Review: Alien (4K)

Twentieth Century Fox are officially celebrating the 40th anniversary of director Ridley Scott’s classic film Alien (1979) with a brand new 4K release. It has a true-4K restoration of the film supervised by Ridley Scott and Pam Dery. This is one of those films that’s long overdue for this treatment, so it’s great to finally have the chance to view it at this level.

Plot: In deep space, the crew of the commercial starship Nostromo is awakened from their cryo-sleep capsules halfway through their journey home to investigate a distress call from an alien vessel. The terror begins when the crew encounters a nest of eggs inside the alien ship. An organism from inside an egg leaps out and attaches itself to one of the crew, causing him to fall into a coma.

Director:  Ridley Scott

Aspect Ratio: 2.35.1

Runtime: 116 min

Rotten Tomatoes Consensus: A modern classic, Alien blends science fiction, horror and bleak poetry into a seamless whole.

Online Ratings:

  1. Rotten Tomatoes 97%
  2. IMDB 8.5
  3. Metacritic 89

“A must own for Alien fans.”

Review:

This movie was originally shot on film and for the 40th Anniversary it has been given true 4K treatment with scans finished as a 4k Digital Intermediate. As per the norm with UHD releases, it was also given a HDR color grade for your viewing pleasure in HDR10+.

There is a constant level of grain seen throughout this film, but that doesn’t take away from the fact that this is a rather significant upgrade across the board; especially in the detail, shadow and black level departments. As you already know, a lot of this movie takes place in harsh-dark environments, so the added resolution enhances all of it, across the board. This movie doesn’t have that 4K sharpness seen in more recent films, but this was shot in 1979 — there will be some softness and while it won’t pop with color — the HDR brings out the various textures seen on the instruments, walls and interior of the ship.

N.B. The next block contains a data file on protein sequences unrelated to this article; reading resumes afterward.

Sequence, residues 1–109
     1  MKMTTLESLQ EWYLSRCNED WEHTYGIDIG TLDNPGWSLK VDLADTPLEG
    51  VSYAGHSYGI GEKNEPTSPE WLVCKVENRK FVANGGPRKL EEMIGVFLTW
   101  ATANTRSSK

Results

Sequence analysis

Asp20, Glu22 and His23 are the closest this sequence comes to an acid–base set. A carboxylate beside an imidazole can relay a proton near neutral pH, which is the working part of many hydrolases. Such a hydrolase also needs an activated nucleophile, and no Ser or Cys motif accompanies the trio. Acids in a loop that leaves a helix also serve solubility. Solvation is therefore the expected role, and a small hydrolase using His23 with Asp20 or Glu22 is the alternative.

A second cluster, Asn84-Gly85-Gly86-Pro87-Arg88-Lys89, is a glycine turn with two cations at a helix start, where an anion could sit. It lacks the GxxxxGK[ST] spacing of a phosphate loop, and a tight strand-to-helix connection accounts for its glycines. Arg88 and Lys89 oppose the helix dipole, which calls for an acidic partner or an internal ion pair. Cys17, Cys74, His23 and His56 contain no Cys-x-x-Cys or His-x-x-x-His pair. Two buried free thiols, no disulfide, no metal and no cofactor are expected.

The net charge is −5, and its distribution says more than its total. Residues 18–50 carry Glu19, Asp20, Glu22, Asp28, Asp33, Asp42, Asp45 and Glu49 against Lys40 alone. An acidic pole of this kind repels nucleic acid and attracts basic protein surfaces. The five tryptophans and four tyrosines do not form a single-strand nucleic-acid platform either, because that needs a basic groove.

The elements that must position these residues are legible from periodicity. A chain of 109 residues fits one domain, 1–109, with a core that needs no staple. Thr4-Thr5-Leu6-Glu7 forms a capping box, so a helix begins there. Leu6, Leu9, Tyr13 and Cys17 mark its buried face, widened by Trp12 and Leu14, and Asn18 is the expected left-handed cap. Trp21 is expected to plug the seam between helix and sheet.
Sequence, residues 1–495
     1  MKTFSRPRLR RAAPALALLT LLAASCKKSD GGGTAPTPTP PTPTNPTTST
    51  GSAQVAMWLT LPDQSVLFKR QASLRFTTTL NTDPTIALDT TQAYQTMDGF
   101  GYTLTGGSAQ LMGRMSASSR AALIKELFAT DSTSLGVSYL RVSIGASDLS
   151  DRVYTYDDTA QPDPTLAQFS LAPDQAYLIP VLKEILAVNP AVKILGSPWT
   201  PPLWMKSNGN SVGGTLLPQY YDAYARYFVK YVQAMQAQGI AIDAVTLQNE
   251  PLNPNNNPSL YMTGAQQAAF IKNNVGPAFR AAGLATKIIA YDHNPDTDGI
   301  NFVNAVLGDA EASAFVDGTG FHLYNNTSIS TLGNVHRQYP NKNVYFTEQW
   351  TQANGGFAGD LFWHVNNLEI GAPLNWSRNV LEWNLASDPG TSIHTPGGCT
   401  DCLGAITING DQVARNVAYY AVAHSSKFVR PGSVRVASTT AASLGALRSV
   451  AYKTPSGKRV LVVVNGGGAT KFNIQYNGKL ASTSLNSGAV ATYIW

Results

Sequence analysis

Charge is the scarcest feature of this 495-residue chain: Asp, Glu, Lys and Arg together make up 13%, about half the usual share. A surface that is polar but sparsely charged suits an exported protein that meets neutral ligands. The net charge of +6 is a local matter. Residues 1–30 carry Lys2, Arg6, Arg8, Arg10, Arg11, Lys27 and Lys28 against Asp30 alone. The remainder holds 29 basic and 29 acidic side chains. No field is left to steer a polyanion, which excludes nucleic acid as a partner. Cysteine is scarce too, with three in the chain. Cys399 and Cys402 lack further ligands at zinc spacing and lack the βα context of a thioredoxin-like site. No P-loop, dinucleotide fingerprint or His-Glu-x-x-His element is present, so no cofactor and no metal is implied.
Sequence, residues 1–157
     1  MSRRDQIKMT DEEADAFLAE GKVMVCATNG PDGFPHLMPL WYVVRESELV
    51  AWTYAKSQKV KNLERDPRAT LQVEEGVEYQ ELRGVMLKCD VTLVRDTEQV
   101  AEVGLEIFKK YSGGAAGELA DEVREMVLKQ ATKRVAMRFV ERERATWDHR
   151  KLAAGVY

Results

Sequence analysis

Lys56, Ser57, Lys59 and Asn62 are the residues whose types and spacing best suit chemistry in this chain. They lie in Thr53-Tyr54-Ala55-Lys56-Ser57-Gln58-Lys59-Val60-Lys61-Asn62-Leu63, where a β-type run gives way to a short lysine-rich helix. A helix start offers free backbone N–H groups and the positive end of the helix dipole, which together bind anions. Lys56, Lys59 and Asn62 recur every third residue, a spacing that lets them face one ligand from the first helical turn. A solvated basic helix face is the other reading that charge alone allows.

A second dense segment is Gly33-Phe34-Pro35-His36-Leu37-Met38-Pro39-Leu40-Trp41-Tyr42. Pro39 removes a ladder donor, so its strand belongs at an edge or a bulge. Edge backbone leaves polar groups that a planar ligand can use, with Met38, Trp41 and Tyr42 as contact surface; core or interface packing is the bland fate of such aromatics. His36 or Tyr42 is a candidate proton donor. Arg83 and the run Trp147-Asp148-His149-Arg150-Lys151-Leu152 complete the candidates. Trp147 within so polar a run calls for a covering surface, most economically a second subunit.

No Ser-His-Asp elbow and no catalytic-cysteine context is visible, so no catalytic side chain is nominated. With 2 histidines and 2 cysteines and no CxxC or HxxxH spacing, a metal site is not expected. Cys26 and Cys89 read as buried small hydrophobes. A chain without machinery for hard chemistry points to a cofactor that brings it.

Some highlights I jotted down include Chapter 17’s “Here, Jonsey.” Here you will get great detail down to the sweat and pores on Brett’s face with the blacks all around him looking crisp. It’s the little things like more detail and black levels that add contrast and dimension in various scenes throughout the movie. You will see that again when Ripley is running through hallways in Chapter 26. The HDR and black levels really add another dimension to the ship and that eerie like feeling is even stronger. Don’t get me wrong, the score does that on it’s own, but this new scan brings more to the table.

Finally, I just wanted to pinpoint the fact that this is the best way to date you can watch Alien. All the little things HDR and 4K detail bring to the movie make it something new to experience again. Alien has severed as a major stepping stone into the sci-fi genre since 1979, and it still plays a big role today. With that in mind, this is an absolute must own for anyone that’s fan of this movie and franchise. This comes highly recommended.

As a side not (even though it has nothing to do with Alien) I need another classic like Jaws remastered in 4K immediately. Spielberg has already released Close Encounters of the Third Kind, E.T., Saving Private Ryan, Schindler’s List and Jurassic Park in 4K. Can we get Jaws next? Next year marks the 45th Anniversary!

Cheers,

Matt